Radio-Cardio Communication Improves Outcomes
Cardiologists Nitin Burkule has been referring patients to his radiology colleague Hemant Telkar for more than ten years. They talk about how they have set-up their interaction, why it has improved patient outcome, and how new professional society has grown from their cooperation.
radiology.bayer.com (rbc):. You work in different places and different set-ups. How did you set up your work to be successful in the long run?
Hemant Telkar (HT): Nitin does the initial assessment and when he feels there’s the need for a cardiac radiologist, he refers to me. We have come to understand each other over the years. If something is special, he lifts up the phone and says, “okay, I’m sending you a patient, and I have a doubt whether the diagnosis is A or B.” When I do the scan, I call him up at the end, whether we have interacted before or not. Giving him that extra understanding of my final impression helps him.
H. Telkar on the left, N. Burklule on the right.
rbc: In these cases, you would always call and talk directly?
Nitin Burkule (NB): Yes, he would.
HT: I always call and talk, because I believe the radiologist has much more to convey. A radiologist should talk to the referring doctor and support him to make a near perfect diagnosis.
rbc: You both don’t have a lot of time, so how exactly do you do that?
NB: I have radiology residents in-house, but when I need a very high imaging level with equipment that may not be available in our hospital, we resort to the private sector. The scanners are usually more advanced and we may get better information.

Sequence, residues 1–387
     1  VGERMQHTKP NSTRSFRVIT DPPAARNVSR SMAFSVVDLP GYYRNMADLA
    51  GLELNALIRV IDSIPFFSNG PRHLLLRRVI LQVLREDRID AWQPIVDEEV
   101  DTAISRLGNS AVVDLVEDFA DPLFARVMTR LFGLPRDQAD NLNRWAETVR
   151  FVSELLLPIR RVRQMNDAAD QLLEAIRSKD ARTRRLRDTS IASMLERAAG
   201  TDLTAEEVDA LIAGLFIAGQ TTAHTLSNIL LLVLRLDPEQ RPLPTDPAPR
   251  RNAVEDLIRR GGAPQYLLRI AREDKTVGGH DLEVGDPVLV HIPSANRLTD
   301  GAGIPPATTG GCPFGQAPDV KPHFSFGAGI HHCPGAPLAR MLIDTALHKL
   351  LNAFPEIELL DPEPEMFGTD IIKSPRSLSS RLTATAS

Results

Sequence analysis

I also need the expertise and experience of a radiologist at that level to answer these special queries. It requires in-depth knowledge. So generally, we talk one-to-one on the line, because I can share the clinical perspective and the exact clinical query for which I want the answer. It is a two-way process of sharing and learning, which also improves the patient’s outcome.
rbc: How does the mutual trust build up?
NB: It builds up through multidisciplinary conferences, where the different cardiac imaging specialists discuss together.
HT: When you begin to work with each other, you find out rather soon whether there is a synergy between the centres. You say “okay, that centre is at least making an attempt in the right manner to try to solve my dilemma.” You need to know that the team of cardiac radiologists will try and perform to the best of their abilities on the best machinery. That’s where the connect happens.